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Flights to get more turbulent

Flights to get more turbulent

Travelling across the North Atlantic could get a lot bumpier in the future thanks to climate change, according to scientists.

Flights to get more turbulent

Strong winds are already becoming more and more common for planes making their journeys across the North Atlantic, but new research has revealed these flights could begin to experience more turbulence.


A study, published this week in the journal Nature Climate Change, is suggesting passengers and flights could expect to be bounced around more frequently and stronger than ever by the middle of this century.

Though this will cause some discomfort for passengers, there are added financial fears to consider when dealing with a ‘bumpier airspace’.

“It’s certainly plausible that if flights get diverted more to fly around turbulence rather than through it then the amount of fuel that needs to be burnt will increase,” one of the study’s lead authors, Dr Paul Williams, told BBC reporters.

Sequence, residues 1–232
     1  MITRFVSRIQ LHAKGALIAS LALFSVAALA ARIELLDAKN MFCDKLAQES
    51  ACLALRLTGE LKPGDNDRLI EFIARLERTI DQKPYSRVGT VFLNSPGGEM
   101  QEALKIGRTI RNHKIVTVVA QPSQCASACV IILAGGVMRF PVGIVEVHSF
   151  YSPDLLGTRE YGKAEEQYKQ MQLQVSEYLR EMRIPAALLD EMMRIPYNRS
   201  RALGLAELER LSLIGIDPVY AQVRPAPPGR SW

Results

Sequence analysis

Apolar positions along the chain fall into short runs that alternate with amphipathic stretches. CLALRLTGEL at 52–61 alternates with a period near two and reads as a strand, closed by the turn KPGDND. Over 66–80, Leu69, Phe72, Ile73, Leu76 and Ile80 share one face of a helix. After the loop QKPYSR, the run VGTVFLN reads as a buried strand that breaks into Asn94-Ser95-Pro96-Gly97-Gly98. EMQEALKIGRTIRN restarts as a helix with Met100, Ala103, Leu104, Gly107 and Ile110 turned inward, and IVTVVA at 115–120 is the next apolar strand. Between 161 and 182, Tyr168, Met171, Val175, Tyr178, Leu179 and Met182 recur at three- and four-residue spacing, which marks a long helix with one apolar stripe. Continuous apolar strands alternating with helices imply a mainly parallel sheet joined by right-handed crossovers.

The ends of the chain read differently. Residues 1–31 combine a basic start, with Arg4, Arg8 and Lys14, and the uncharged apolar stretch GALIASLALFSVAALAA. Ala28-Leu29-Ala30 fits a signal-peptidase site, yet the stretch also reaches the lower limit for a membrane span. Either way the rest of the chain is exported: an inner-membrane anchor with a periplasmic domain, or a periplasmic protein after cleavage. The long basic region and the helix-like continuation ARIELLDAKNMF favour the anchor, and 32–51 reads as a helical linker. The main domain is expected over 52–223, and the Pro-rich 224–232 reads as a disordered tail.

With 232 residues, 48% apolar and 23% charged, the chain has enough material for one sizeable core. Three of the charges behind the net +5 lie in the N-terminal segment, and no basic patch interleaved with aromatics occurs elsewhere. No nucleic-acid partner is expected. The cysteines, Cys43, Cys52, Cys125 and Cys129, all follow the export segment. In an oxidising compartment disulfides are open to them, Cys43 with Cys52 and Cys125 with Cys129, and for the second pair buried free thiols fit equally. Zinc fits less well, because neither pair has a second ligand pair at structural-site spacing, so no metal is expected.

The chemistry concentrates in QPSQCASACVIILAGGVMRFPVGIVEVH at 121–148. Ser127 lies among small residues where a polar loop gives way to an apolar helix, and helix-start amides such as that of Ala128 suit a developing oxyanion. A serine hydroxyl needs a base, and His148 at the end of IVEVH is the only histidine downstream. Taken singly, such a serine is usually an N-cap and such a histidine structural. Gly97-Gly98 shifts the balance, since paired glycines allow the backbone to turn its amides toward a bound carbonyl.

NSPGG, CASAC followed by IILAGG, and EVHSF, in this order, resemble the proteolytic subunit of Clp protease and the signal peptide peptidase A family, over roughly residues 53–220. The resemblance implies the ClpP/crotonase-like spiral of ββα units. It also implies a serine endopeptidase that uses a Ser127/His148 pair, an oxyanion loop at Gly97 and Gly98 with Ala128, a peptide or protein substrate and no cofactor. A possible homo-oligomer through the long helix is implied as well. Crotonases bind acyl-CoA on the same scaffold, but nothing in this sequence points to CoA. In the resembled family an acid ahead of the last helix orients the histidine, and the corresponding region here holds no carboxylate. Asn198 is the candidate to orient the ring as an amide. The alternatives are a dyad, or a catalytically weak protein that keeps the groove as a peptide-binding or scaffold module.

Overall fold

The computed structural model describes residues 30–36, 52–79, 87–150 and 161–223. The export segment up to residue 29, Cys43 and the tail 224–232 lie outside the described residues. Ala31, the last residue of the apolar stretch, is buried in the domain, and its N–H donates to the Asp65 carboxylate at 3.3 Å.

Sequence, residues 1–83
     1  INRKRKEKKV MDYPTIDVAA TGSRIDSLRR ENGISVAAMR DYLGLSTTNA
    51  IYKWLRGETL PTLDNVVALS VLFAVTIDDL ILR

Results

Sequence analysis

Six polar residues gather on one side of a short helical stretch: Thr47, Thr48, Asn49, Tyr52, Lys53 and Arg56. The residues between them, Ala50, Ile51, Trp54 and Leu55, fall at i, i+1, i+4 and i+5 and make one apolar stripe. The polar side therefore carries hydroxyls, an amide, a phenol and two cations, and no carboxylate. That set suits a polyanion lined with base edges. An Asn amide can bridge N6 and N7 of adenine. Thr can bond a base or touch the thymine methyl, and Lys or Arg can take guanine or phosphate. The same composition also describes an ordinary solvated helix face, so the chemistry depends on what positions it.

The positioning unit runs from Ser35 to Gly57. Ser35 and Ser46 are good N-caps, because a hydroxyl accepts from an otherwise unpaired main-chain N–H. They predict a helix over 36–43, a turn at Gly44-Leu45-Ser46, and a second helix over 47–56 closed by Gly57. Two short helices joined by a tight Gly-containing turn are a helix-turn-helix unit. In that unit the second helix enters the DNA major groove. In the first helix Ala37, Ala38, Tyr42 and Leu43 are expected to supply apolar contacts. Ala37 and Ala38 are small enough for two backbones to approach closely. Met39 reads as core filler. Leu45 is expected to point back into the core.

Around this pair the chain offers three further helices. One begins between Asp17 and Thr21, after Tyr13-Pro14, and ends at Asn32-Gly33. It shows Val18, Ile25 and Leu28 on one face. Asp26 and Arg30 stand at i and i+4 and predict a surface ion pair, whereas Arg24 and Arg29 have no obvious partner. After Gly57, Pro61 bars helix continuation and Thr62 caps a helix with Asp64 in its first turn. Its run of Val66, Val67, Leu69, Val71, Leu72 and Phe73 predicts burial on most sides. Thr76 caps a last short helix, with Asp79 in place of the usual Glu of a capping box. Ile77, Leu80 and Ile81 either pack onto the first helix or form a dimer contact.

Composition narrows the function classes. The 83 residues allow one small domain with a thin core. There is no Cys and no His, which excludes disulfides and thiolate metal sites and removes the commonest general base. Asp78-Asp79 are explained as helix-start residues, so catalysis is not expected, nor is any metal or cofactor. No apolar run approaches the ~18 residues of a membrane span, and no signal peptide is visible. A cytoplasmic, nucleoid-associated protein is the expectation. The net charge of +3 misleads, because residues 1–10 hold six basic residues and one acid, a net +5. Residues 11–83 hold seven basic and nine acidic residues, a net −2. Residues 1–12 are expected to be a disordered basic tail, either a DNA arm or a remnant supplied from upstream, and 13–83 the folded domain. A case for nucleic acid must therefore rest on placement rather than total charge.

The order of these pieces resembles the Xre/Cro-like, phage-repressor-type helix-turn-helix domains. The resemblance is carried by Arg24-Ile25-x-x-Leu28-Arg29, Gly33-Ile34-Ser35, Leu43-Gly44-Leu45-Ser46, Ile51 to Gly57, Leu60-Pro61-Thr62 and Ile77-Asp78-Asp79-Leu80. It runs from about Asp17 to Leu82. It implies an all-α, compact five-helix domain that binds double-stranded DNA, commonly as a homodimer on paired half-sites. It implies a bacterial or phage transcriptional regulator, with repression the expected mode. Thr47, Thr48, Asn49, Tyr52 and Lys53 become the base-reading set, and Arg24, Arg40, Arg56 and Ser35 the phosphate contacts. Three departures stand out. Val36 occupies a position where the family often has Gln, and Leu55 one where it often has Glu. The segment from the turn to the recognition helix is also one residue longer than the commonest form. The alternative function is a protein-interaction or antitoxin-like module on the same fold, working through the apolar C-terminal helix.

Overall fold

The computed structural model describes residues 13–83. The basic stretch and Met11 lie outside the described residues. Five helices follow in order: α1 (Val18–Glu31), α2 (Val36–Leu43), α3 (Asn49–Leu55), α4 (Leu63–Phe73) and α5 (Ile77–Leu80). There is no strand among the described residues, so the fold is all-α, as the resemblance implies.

“Fuel costs money, which airlines have to pay, and ultimately it could of course be passengers buying their tickets who see the prices go up,” Williams added.

Researchers concentrated their study on the North Atlantic corridor, which sees up to 600 flights cross between Europe and the Americas daily. A supercomputer was used to stimulate expected changes to air currents above 10km in altitude.

The findings showed that these currents have been blowing more strongly and, in certain situations, coupled with the Earth’s warming climate could cause instabilities associated with turbulence.

“Moderate or greater turbulence’ has a specific definition in aviation. It is turbulence that is strong enough to bounce the aircraft around with an acceleration of five metres per second squared, which is half of a g-force. For that, the seatbelt sign would certainly be on; it would be difficult to walk; drinks would get knocked over; you’d feel strain against your seatbelt.”

The study, looking at the future of aviation turbulence, is believed to be the first of its kind. Although cost figures of damage, injuries and post-incident enquiries are difficult to predict, the cost of air turbulence in the region is expected to reach $150 million a year.

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